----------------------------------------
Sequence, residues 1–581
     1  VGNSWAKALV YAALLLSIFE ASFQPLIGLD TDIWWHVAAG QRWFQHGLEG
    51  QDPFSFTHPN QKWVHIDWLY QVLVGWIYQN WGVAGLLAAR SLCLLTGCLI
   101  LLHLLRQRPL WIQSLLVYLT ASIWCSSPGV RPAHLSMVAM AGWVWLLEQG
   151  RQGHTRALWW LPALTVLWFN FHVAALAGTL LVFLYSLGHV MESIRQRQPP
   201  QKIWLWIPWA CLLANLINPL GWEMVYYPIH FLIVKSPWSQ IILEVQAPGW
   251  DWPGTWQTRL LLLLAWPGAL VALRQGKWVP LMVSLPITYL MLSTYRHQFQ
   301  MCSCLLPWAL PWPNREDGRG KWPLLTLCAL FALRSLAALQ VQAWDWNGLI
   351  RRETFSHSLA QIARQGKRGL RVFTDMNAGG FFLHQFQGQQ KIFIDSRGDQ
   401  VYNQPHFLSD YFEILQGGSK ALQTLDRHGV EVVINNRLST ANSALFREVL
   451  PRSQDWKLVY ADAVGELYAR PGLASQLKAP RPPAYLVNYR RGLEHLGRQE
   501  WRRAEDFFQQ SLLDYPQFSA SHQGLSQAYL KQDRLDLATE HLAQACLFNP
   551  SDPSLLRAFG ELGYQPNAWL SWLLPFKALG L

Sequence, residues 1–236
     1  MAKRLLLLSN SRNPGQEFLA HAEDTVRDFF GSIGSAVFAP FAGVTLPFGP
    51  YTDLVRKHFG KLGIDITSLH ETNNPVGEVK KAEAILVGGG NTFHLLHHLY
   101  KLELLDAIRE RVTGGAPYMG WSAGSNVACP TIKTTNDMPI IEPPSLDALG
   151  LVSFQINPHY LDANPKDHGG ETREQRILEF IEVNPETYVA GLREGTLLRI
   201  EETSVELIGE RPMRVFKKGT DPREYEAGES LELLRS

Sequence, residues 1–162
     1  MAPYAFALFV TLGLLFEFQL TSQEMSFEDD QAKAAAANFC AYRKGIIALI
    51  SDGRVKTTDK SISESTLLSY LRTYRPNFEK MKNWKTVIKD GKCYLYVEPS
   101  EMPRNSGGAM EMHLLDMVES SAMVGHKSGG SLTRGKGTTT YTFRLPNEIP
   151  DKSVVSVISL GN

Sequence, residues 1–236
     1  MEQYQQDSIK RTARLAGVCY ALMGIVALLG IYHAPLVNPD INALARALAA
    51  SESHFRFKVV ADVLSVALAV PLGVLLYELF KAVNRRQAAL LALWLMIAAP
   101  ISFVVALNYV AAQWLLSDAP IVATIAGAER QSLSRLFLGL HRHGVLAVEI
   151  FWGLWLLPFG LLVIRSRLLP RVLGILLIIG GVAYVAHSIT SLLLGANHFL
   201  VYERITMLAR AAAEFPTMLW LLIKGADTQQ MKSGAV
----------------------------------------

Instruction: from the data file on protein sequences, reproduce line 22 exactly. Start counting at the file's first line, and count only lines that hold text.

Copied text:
    51  SDGRVKTTDK SISESTLLSY LRTYRPNFEK MKNWKTVIKD GKCYLYVEPS